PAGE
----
By Robert Parker
Open the Mac App Store to buy and download apps.
Rhyming dictionary with over 50,000 english language words.
Filter and sort results by syllable count.
Filter results by strength of the rhyme.
No internet connection required. Find rhymes fast.
Become a better poet or songwriter today.
If you'd like to view a very brief tutorial on how to use Rhyme Finder, or if you would like to send us your feedback, please use the support link to the right of this window. Or, visit the following site:
What's New in Version 3.5
Rhyme Finder can now display the dictionary definition of any word you select in the results list.
As a formal-verse poet, I love this versatile and useful app.
To fully appreciate Rhyme Finder, it is important to differentiate between several kinds of rhyme. Optimal use of the rhyme strength bar depends on this. For example, for the word “vent,” the strong setting finds identicals. The second setting finds true rhymes, and the third setting finds near rhymes. The weak setting finds final consonantal rhymes.
If a word has no identicals, as is the case with “jeep,” then the strong setting finds true rhymes. The number of settings varies according to the kinds of rhyme available. Sometimes you might get two kinds of consonantal rhymes at the medium and weak levels, as with the word “first.”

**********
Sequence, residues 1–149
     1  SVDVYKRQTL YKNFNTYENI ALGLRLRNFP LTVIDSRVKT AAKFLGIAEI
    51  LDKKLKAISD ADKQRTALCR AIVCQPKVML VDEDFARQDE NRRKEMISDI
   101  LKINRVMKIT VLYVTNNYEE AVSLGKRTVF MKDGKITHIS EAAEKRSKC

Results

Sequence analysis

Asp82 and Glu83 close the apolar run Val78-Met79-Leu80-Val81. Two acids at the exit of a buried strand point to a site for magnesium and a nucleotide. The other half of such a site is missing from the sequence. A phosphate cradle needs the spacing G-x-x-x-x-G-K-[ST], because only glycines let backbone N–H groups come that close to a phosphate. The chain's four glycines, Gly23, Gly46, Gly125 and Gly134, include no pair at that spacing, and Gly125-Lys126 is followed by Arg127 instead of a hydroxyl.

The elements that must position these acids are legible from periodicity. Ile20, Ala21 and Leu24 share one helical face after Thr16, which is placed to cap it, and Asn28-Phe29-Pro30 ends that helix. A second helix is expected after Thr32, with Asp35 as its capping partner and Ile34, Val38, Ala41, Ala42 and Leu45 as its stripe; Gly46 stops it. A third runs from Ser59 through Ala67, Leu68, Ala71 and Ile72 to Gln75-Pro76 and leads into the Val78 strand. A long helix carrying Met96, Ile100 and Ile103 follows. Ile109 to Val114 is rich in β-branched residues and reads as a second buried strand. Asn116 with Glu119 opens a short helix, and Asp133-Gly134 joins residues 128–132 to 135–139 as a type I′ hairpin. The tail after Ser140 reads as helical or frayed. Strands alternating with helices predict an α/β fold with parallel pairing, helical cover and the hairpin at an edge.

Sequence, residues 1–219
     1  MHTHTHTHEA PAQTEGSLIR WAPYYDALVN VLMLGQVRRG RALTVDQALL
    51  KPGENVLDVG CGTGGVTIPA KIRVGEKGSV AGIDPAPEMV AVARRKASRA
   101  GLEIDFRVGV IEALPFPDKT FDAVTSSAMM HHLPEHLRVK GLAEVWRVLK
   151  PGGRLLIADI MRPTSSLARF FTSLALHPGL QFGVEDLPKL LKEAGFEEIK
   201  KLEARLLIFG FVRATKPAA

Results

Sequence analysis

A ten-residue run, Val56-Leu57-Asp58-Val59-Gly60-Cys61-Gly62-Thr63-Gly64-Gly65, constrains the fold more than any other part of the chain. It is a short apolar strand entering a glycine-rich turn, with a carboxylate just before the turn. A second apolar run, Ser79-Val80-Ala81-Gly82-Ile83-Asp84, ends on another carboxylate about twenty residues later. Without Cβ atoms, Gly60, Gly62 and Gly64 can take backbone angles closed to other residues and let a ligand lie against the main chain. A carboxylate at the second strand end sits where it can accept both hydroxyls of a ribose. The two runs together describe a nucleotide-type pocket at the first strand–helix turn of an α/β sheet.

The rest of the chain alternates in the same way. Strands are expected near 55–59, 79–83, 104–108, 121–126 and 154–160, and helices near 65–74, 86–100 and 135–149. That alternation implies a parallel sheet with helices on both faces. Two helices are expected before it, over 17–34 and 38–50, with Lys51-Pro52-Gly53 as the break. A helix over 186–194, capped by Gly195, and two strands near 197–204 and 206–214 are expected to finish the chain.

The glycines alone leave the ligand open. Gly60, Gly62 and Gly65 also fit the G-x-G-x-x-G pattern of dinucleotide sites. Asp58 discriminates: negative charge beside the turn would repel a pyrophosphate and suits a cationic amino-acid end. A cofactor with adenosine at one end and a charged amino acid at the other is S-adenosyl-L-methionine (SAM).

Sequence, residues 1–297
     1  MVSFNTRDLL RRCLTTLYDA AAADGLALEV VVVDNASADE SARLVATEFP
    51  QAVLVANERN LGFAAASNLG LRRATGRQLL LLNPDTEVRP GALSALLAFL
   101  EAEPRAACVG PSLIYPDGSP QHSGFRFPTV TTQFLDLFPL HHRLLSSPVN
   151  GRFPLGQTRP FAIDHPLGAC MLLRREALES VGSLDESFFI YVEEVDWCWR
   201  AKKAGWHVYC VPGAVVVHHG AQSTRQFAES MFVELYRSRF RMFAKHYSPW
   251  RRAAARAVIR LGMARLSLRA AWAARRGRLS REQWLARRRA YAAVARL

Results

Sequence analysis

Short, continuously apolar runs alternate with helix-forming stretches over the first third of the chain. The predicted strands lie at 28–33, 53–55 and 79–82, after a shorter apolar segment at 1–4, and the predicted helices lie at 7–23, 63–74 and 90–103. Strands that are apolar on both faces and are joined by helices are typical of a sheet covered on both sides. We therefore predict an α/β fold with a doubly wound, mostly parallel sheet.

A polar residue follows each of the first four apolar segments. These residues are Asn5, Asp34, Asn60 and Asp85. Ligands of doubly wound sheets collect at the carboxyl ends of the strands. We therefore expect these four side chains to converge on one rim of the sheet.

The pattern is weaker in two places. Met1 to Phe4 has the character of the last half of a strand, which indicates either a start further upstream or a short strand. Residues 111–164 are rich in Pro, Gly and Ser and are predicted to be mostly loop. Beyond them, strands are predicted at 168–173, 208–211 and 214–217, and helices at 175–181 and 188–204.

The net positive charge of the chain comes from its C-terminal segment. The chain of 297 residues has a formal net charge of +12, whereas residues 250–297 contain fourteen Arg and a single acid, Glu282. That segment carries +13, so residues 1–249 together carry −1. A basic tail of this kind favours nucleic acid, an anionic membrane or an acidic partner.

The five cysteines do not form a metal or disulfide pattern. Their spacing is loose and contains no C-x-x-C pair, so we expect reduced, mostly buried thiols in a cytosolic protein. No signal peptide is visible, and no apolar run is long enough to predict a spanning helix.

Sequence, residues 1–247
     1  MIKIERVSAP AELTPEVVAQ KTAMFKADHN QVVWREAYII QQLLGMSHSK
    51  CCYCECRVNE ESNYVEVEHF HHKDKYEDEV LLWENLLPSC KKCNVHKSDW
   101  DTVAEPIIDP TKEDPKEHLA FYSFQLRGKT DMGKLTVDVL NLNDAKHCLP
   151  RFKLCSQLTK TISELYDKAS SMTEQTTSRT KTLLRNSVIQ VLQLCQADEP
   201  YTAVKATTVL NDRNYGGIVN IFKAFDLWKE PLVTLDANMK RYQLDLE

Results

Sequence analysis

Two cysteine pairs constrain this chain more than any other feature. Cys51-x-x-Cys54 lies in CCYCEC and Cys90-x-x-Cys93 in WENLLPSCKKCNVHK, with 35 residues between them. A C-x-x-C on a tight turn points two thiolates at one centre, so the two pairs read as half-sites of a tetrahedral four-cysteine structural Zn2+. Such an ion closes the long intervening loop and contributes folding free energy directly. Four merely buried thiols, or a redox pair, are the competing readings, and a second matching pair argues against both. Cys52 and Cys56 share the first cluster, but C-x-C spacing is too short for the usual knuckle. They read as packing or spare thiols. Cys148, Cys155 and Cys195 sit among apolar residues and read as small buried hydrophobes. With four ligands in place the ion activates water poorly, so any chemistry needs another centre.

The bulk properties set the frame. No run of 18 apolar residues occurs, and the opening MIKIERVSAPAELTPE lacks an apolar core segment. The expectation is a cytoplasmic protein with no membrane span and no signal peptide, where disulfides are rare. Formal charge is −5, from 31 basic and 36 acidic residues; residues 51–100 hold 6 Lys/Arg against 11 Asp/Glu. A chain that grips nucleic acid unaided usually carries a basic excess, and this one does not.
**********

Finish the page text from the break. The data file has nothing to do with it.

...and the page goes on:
I have noticed only one incorrect match so far, where “anemone” was offered as a 3-syllable true rhyme for “phone.” At first I thought it might have been included as an eye rhyme, but then I saw the 3 syllable count.
No two rhyming dictionaries are alike, and none are omnipotent. I often consult several--including books, e-books, and websites--before finding the right rhyme. But I really wanted an offline, fully-searchable rhyme source on my MacBook Air. So when I came across Rhyme Finder, I couldn’t resist--especially for only $1.99. I'm truly delighted with how well it works!
Regional Dialect - Why Some Words “Don’t Rhyme."
I’m going to keep this post short and concise. I’ve had a great many pleasures in reading various English rhyme books, and it is to the best of my understanding that regional dialect can certainly account for some readers not finding certain rhymes, whatever their structure. For example, it’s common for Midwestern Americans to pronounce the word “roof” with a hard “oo”-sound as in “the cow goes moo.” In other regions, like Southern California, the same word can be heard in a wide number of dialects, one of which can be heard as being pronounced with a soft “o,” wherein the word sounds closely to “rough.” I hope this information helps!
Great, especially for songwriting
Don't mind the other poor reviews. This app is fantastic. As a musician and lyricist, this app has it all. You can filter words by how closely they ryhme and how many syllables they are. There are plenty of words that show up, you just have to adjust the filter (in response to sheshoer's review). It is definitely worth every cent I paid. Check it out!